'Huge game' in Boston vs. Bruins is no time for Maple Leafs to sleep in again

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Rarely will a wake-up call come louder for the Maple Leafs.

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From the ringing of boos after a season-worst effort Tuesday against the Kings, they get the bells of the Old North Church in Boston less than 48 hours later, versus the undefeated (in regulation) Bruins.

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“Huge game,” defenceman Timothy Liljegren said Wednesday morning after coach Sheldon Keefe scrapped full practice and kept business just to a pre-scout meeting and the afternoon flight. “Because of last night (a 4-1 loss) and the next opponent. They’ve been buzzing all season and we need a response.”

While cutting the Leafs some slack after a season-long five-game trip in which they netted seven of 10 points, Tuesday fit an annoying pattern: Early or mid-week games against Western Conference or lower-echelon Eastern teams often prove problematic.

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On Tuesday, add the fatigue factor to another quiet night from newcomers Max Domi, Tyler Bertuzzi and John Klingberg.

Auston Matthews said that in addition to those players looking to find their way and the coaching staff’s efforts to that effect, the dressing room leadership group and veteran Leafs also have a stake in getting the new guys settled.

“It’s on us to continue to set those standards for everybody,” Matthews said. “There has been good, there’s been bad, but just the consistency we want to see from the team as a whole, I don’t think we’ve played our best hockey. There hasn’t been a game where we’ve put together the full 60 minutes of rolling all four lines and being solid throughout.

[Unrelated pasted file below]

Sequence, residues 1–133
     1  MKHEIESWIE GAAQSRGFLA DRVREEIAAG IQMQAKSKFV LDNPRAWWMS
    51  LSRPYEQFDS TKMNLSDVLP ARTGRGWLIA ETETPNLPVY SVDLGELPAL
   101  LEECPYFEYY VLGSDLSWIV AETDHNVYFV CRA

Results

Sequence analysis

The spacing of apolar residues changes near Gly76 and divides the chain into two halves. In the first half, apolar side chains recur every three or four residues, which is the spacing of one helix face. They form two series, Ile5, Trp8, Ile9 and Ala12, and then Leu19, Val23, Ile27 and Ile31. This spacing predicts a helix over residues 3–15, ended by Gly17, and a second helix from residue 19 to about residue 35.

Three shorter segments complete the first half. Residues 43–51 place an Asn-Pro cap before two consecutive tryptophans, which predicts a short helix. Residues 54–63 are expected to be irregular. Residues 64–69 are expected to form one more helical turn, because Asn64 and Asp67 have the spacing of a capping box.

“It’s something to clean up in different areas and (Boston) is a unique opportunity for us. We’re playing our next four against divisional teams, all important points.”

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The Bruins have not lost in regulation (8-0-1) and have allowed half as many goals as Toronto (14-28) through nine games. They’re a team in a perpetual news cycle, from last year’s NHL record 65 wins to a shocking first-round playoff exit to Florida, a blow to Stanley Cup odds when Patrice Bergeron and David Krejci retired, then another hot start in October.

The Leafs can’t look past them, even without star defenceman Charlie McAvoy, who has begun serving a four-game league suspension for an illegal check to the head. The B’s also had to ice defenceman Matt Grzelcyk with an upper body injury.

“It’s pretty apparent they’re once again the class of the league, certainly the division,” Keefe said. “This is a chance for us to go in and get a response. We’ve played well in Boston and part of that is because you know what you’re in for.”

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Keefe thought Boston’s two significant retirements and the departures of Taylor Hall and Nick Foligno have been offset in large part by staying with solid defensive structure and goaltending from Linus Ullmark and Jeremy Swayman.